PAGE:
MSACL 

13. A New Approach to the Analysis of Hydrophilic Metabolites in Clinical Samples
Mon 12:06 PM - PosterSplash Track 2
Joseph Pesek
San Jose State University
Joseph Pesek, San Jose State University
Maria Matyska, Microsolv Technology Corporation
John Duley, University of Queensland
Steven Fischer, Agilent Technologies
Theodore Sana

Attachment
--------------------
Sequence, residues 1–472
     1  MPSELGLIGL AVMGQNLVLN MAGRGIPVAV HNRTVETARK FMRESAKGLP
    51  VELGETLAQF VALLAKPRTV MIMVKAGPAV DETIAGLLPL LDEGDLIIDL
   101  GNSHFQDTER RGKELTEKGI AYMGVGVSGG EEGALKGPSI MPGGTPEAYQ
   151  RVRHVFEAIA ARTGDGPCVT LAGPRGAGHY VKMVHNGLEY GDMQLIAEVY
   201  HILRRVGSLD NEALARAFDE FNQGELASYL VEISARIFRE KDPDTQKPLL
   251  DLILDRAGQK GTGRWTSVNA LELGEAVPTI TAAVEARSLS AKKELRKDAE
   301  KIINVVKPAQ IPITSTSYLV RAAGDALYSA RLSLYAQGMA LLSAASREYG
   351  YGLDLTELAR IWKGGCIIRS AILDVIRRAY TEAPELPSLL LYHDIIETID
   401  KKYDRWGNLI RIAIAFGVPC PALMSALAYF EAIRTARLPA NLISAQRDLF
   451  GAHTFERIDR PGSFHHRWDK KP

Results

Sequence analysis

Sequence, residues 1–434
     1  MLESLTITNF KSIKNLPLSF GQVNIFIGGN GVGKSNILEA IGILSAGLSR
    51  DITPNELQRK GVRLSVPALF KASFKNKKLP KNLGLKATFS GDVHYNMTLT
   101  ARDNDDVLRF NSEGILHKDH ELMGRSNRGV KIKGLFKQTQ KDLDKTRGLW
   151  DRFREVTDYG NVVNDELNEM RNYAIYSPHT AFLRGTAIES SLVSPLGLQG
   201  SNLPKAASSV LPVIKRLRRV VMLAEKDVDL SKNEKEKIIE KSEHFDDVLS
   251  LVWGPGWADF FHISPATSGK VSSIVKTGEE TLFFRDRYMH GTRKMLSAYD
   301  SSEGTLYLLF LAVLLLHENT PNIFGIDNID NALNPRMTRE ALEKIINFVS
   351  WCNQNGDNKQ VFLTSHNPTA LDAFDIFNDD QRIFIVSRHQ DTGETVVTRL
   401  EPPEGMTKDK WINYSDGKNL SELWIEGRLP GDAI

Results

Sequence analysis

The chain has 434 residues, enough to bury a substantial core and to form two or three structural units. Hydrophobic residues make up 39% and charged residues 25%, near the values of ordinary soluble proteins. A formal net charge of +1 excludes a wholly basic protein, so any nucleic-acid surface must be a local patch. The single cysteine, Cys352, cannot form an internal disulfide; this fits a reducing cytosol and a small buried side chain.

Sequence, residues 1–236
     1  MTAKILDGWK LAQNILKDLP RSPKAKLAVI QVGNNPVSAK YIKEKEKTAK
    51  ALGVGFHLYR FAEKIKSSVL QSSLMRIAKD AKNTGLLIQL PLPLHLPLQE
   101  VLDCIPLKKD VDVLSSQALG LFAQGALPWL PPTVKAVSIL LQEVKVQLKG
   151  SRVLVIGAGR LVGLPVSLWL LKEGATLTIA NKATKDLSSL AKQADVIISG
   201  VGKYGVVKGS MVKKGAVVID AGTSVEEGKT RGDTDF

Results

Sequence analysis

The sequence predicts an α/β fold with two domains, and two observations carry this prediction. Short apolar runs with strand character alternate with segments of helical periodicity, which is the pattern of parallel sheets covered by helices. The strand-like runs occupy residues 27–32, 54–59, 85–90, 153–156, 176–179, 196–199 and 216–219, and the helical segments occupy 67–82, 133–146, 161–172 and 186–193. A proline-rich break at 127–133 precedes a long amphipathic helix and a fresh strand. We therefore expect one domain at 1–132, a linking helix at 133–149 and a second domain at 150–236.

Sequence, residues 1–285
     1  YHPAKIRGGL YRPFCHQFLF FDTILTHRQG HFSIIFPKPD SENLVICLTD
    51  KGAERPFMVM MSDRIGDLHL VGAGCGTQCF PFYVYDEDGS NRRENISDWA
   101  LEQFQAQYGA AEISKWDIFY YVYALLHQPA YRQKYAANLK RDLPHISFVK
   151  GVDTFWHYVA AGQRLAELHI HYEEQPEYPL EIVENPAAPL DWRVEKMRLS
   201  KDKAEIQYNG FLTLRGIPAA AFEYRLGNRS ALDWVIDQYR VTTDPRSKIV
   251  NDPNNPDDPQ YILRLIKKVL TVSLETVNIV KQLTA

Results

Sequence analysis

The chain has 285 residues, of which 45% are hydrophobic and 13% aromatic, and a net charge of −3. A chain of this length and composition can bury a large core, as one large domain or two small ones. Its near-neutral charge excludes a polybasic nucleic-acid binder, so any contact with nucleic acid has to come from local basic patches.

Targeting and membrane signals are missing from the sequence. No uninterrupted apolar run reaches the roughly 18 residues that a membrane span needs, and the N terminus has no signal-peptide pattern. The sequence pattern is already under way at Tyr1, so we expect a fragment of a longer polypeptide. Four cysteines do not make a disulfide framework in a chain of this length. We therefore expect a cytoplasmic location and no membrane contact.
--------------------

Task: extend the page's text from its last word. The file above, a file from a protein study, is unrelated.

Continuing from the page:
The determination of hydrophilic metabolites is a crucial analytical problem in clinical laboratories where new methods are in demand. Current technology involving HPLC utilizes columns that perform poorly with respect to reproducibility, ruggedness and the ability to analyze a broad range of metabolites. Silica hydride columns have demonstrated superior performance for a broad range of hydrophilic metabolites. The method used for these analytes is referred to as Aqueous Normal Phase (ANP) chromatography. The concept will be discussed and some general features with respect to metabolites presented. More specific examples related to the analysis of nucleotides for clinical analysis will be discussed. An ANP HPLC method coupled with UV or electrospray ionization (ESI)/ mass spectrometry detection (MS) was used for the determination of a wide variety of nucleotides, essential in metabolomics studies. The chromatographic conditions were changed to achieve optimized retention and separation of the nucleotides studied. The ANP-HPLC methods were developed utilizing a Diamond Hydride (Cogent) or an undecanoic acid (UDA) column, with UV detection or with an ESI MS system. Volatile, low ionic strength mobile phases were used. A negative ion mode ESI-MS at near neutral pH mobile phase was used to improve the sensitivity of the developed method. The protocol was tested with a Time-of-Flight (TOF) detector but is equally suitable for quadrupole and ion trap instruments. A simplified MS-compatible separation for UDP-glucose and UDP-galactose, to measure levels in galactosemic patients was then developed. This determination is a more challenging analysis since it involves the separation of two nucleotide-sugar esters having the same molecular weight. When the DH column was used the desired separation between these two molecules was achieved in real patient samples and in addition all other nucleotides eluted after these two compounds and did not interfere with the analysis. Further examples of clinically-related metabolite analyses will also be presented
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